Listen to more in the Dark Is Rising Sequence.
©1965 Susan Cooper; (P)2001 Random House, Inc. Listening Library, an imprint of the Random House Audio Publishing Group
"Jennings' ability is outstanding as he slips in and out of the numerous voices with the rapid dialogue as it approaches the climax....This is an outstanding reading of a classic tale that all young listeners and adults will thoroughly enjoy." (School Library Journal)
I'm not blind drunk, I'm just blind.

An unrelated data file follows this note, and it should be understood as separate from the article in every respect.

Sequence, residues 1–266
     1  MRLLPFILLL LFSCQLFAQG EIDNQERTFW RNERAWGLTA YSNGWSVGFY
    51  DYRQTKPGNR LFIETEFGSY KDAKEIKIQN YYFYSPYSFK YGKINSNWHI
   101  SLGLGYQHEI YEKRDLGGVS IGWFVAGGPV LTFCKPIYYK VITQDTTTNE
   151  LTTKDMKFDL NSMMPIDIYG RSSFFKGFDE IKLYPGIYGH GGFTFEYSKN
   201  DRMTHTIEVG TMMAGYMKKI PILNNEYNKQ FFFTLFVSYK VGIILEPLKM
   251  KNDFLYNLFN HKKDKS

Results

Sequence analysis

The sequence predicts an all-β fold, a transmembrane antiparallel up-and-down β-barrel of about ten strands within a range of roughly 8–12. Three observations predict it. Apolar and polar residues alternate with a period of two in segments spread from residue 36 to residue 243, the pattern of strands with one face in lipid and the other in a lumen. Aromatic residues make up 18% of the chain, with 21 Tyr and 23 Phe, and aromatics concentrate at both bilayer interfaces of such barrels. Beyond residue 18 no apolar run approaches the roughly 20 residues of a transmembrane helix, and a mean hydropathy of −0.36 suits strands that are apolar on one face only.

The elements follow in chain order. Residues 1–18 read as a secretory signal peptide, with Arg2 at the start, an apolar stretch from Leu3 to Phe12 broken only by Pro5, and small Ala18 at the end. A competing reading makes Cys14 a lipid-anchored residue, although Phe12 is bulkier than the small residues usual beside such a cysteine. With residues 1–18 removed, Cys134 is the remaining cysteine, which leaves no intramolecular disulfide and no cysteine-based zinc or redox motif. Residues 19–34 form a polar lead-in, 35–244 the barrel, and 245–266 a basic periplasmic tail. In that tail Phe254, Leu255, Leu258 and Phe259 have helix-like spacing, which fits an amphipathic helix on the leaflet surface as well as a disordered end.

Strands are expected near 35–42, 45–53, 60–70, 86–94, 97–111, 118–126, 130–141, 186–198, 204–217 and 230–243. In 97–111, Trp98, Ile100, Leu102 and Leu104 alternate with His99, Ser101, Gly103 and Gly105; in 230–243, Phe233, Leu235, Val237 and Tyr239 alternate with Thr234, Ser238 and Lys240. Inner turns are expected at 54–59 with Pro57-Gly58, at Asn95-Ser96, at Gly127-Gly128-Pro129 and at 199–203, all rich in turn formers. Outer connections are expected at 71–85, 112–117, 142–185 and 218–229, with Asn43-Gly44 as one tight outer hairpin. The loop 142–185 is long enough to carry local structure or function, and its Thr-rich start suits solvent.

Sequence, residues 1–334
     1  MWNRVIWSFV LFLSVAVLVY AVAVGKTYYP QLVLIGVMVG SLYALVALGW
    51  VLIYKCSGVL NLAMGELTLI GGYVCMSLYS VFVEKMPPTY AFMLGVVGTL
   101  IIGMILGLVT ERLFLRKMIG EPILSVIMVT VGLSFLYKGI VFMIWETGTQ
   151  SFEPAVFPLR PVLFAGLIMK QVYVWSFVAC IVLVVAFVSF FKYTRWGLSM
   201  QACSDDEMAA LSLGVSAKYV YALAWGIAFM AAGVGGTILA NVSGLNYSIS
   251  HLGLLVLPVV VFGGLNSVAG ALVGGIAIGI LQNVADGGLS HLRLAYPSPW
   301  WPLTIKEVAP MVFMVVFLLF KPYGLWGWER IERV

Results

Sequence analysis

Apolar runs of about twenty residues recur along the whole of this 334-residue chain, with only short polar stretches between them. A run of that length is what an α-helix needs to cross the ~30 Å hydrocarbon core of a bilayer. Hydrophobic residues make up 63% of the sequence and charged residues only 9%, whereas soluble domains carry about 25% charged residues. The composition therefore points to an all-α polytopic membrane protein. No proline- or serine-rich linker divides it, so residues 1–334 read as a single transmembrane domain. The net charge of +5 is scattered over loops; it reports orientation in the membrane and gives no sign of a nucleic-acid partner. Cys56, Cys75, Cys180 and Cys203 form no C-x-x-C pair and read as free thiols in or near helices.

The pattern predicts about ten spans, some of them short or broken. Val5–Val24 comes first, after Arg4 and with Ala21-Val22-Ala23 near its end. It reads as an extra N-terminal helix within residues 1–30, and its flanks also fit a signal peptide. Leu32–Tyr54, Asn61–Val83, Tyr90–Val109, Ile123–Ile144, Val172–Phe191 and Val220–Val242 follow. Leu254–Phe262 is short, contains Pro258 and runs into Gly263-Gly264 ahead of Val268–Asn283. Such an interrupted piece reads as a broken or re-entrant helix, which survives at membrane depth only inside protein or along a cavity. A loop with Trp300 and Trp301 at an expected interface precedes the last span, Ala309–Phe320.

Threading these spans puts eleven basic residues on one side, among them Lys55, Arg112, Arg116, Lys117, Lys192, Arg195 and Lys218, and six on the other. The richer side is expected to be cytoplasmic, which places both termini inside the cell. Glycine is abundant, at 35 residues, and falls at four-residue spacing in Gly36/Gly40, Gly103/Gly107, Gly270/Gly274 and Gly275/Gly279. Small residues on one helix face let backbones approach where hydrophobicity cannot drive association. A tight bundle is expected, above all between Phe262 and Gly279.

I actually started this series, although I didn't know it was such at the time, back in 1993 whenI was in Junior High, with the fourth volume. It wasn't until about ten years later that I got the proper skinny on it and read the series in proper order. Over Sea, Under Stone opens with the Drew family, Dick, Ellen and their three young children, arriving in Cornwall for a summer vacation, which they'll be spending with their Great Uncle Merry, a mysterious professor who often appears unexpectedly on the Drews' doorstep to vanish just as quickly in the night. While exploring the massive house that Uncle Merry, Meriman Lyon to the wider world, the three Drew children, Simon, Jane and Barney, discover an ancient manuscript which they believe to be a map showing the location of what they believe to be an ancient treasure. Though a game to the three Drews, the importance of the manuscript begins to surface, first when a mysterious man and a woman claiming to be his sister appear and ask the Drews about secret passages and maps, then even more so later when the house is burglarized while the Drews sleep. Realizing what the thieves must have been after, the childen show the manuscript, which they managed to keep safe, to Uncle Merry, who reveals that the treasure is in fact an ancient grail from the time of King Arthur. Thus begins a dangerous race as the Drews attempt to decipher the clues of the map and reach the grail before their myysterious enemies do. But it quickly becomes apparent that their foes, though relatively few in number, are extremely resourceful, and the outcome of the race is continually in doubt.